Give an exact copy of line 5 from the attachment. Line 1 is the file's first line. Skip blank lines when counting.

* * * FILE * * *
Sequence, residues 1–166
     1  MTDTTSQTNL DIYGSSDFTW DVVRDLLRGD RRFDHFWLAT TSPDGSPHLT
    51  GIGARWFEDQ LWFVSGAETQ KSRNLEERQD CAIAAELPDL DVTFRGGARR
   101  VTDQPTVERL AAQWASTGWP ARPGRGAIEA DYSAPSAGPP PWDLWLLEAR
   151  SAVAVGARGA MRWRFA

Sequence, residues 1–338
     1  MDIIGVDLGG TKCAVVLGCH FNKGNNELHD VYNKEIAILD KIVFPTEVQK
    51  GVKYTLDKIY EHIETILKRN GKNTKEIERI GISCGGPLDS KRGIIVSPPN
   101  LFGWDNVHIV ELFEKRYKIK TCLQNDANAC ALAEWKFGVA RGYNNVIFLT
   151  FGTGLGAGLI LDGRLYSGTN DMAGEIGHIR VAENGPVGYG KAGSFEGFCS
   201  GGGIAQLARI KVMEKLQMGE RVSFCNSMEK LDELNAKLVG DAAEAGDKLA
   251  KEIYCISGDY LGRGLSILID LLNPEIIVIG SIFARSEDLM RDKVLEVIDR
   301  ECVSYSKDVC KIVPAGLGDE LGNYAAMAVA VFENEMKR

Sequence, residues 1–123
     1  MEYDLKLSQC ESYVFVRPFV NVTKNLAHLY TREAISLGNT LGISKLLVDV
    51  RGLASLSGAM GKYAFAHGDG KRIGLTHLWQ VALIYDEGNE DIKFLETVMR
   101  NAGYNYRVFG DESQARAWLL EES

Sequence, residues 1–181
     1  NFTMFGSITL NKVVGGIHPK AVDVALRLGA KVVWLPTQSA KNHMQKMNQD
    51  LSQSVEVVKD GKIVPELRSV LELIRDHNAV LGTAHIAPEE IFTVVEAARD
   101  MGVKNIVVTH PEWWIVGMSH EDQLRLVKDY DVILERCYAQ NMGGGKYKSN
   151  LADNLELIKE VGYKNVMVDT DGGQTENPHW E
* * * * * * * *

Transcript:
   151  SAVAVGARGA MRWRFA